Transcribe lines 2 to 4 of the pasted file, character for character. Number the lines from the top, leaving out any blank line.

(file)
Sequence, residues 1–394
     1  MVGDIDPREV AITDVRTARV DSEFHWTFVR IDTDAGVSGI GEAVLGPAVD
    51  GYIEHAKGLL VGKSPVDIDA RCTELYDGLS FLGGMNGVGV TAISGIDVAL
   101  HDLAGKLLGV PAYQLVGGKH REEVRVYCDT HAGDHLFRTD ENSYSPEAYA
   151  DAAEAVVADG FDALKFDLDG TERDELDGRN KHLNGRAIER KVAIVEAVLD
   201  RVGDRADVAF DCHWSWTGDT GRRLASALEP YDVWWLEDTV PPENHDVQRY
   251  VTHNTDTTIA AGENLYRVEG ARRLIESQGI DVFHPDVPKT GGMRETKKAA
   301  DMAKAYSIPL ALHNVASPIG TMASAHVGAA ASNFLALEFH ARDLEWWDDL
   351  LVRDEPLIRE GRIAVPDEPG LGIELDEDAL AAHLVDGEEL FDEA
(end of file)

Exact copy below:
     1  MVGDIDPREV AITDVRTARV DSEFHWTFVR IDTDAGVSGI GEAVLGPAVD
    51  GYIEHAKGLL VGKSPVDIDA RCTELYDGLS FLGGMNGVGV TAISGIDVAL
   101  HDLAGKLLGV PAYQLVGGKH REEVRVYCDT HAGDHLFRTD ENSYSPEAYA